The total U.S. beef consumption last year was 24.1 billion pounds. The total beef production here was 24.3 billion pounds. That sounds about even to me. The amount we produce is the virtually the same as what we consume. End of story?
No! It’s just the sign of yet another example of how “free” trade and meaningless labels can hurt the American consumer.
Before 1950, you could buy Prime, Choice or Good grades of beef at your local grocer or butcher shop.. That year the government decided to combine Choice and Prime into one grade: Prime. Then Good grade, the lowest usually available then, was elevated to Choice.
Since you can fool most of the people, shoppers eventually were satisfied with their Choice grade meat, not realizing it was low-grade, compared to the Choice from 1927 through 1949. Because of exports, there was suddenly a shortage of Prime beef at supermarkets, and shoppers were assured that Choice was better than Prime (because it was too tender?). The government did admit that the Prime beef was going to restaurants here and around the world and to well-heeled Europeans, who like an excellent, not tough steak.
After many so-called “free” trade deals, the United States last year exported 2.573 billion pounds of beef, and that is assuredly most of the best quality beef that you can’t find in American stores. What has happened is the sales job on “Choice is better than Prime” worked so well that Americans won’t pay more for Prime. The rest of the world will pay more for better beef, and so we export it to these taste and value conscious consumers.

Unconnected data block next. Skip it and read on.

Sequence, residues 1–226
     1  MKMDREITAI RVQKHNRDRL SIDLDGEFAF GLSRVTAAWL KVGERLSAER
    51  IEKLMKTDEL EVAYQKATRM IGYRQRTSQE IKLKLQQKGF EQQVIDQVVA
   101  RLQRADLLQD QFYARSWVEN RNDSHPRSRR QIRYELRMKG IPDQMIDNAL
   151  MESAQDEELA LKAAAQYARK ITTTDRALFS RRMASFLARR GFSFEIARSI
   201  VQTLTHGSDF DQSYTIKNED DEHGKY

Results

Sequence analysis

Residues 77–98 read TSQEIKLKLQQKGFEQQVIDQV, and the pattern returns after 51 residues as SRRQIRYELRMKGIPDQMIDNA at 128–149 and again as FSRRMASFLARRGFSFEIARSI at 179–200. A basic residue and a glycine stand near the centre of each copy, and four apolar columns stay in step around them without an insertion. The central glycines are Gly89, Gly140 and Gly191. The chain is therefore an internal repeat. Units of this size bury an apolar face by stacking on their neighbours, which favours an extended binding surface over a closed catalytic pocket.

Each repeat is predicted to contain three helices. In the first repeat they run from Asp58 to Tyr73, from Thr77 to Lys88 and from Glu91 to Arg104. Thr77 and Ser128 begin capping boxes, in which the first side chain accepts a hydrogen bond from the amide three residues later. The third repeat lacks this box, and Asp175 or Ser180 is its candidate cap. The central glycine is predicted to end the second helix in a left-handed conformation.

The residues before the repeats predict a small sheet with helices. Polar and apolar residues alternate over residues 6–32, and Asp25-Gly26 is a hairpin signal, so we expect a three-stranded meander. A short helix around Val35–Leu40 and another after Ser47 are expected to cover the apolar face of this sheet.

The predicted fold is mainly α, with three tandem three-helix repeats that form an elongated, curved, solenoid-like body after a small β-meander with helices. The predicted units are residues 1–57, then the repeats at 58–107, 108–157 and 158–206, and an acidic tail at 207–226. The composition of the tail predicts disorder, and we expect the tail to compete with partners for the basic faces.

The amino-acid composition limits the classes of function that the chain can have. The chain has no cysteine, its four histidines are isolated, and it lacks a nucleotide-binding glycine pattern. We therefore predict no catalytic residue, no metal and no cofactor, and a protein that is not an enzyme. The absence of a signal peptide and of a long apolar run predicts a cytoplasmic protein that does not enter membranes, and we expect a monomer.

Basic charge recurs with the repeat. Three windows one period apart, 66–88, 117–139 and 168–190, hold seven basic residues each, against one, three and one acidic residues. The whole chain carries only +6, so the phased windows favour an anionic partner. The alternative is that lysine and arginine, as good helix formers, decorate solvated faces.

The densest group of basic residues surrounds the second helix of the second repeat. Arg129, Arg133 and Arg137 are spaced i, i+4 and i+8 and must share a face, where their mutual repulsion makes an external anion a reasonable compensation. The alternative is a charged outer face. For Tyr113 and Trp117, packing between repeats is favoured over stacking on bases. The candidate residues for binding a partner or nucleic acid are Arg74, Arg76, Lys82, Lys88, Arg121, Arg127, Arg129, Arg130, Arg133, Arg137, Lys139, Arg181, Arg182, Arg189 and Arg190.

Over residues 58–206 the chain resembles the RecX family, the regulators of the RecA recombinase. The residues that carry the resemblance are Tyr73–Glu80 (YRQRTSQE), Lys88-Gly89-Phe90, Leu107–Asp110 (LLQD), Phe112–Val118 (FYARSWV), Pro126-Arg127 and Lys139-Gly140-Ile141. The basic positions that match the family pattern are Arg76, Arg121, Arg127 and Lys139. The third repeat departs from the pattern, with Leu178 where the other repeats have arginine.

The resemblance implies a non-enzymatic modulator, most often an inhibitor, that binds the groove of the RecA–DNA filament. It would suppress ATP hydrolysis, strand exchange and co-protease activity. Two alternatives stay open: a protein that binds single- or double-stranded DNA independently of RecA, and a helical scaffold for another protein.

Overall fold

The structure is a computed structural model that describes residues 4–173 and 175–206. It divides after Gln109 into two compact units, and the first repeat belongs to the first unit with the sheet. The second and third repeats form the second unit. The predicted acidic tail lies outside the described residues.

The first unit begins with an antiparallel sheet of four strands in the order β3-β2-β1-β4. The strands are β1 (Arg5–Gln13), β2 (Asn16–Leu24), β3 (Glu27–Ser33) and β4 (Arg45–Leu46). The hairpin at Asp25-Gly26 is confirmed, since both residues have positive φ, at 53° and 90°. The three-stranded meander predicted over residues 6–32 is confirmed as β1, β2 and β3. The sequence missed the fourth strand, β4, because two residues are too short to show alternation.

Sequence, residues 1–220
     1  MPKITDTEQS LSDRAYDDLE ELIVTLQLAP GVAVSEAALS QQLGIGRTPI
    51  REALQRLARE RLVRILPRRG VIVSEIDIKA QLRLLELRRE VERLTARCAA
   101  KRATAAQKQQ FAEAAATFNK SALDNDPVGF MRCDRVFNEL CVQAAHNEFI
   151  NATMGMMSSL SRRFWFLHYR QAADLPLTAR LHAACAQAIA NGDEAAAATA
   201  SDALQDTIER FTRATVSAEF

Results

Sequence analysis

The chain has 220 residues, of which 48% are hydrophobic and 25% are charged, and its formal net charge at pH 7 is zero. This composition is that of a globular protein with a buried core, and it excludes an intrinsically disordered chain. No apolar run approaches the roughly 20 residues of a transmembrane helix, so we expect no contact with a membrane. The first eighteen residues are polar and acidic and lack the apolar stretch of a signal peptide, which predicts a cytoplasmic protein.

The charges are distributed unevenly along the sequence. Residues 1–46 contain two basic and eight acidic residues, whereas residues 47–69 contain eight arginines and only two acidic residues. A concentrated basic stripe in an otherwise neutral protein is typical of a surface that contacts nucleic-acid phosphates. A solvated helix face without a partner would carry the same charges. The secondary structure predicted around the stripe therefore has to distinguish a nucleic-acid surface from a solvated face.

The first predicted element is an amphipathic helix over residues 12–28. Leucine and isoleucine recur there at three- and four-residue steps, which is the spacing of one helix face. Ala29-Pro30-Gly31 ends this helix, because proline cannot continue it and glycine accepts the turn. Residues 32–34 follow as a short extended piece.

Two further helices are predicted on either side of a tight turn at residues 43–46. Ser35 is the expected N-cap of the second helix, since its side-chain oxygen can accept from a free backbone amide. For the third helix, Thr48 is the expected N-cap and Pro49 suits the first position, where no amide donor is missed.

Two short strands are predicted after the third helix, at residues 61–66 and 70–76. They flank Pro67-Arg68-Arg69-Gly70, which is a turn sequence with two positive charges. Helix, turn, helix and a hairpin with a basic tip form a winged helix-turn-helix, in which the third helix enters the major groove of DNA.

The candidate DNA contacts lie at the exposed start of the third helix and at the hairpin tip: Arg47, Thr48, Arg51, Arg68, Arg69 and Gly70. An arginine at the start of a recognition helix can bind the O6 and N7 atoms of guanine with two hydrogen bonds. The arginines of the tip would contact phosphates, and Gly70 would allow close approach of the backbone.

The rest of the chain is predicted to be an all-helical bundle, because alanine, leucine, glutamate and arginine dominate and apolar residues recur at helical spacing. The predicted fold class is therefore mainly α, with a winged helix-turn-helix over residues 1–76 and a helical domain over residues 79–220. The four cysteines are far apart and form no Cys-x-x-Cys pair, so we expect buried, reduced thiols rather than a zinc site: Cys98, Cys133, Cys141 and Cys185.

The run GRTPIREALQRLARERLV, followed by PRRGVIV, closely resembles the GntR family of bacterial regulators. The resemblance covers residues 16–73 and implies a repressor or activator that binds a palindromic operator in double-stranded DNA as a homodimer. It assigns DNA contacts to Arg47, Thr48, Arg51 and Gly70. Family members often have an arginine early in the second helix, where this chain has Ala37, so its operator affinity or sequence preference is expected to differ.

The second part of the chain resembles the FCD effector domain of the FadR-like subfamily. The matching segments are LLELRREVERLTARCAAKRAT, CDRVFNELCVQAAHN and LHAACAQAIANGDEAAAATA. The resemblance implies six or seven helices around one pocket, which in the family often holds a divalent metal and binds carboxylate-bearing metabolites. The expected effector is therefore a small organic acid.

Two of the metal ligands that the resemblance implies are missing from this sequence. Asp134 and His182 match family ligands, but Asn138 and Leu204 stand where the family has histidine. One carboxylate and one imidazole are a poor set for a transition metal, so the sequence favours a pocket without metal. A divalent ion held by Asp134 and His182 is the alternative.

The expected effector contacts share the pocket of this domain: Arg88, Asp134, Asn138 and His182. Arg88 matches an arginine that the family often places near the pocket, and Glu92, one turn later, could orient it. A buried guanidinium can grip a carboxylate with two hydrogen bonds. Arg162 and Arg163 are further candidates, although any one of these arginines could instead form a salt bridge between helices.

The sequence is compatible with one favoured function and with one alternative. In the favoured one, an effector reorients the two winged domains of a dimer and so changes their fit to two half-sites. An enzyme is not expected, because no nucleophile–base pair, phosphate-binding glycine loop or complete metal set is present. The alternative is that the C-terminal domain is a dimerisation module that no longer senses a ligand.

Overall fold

That leaves a shortage of beef for U.S. consumers, so the solution has been to import Choice – or whatever they call it overseas – and satisfy this self induced shortage.
So, which countries are shipping their beef (some as far as 7,500 miles) into the U.S.? Here are a few of countries, who imported into the U.S. in 2014:
Australia – 1,082,676,000 pounds
Canada – 602,154,000 pounds
New Zealand – 597,115,000 pounds
Mexico – 310,155,000 pounds
Nicaragua – 138,972,000 pounds
Uruguay – 91,859,000 pounds
Brazil – 81,463,000 pounds
Costa Rica – 28,859,000 pounds
Honduras – 9,033,000 pounds
The other side of this free trade, which forces us to import lower grade beef than we export, is the advantage to the exporting countries who can get rid of lower quality food that may not be palatable to their citizens.
It’s another win-win for the corporations, who devise these schemes, and the politicians who are subscribed to them. For the rest of us it’s another lose-lose as consumers.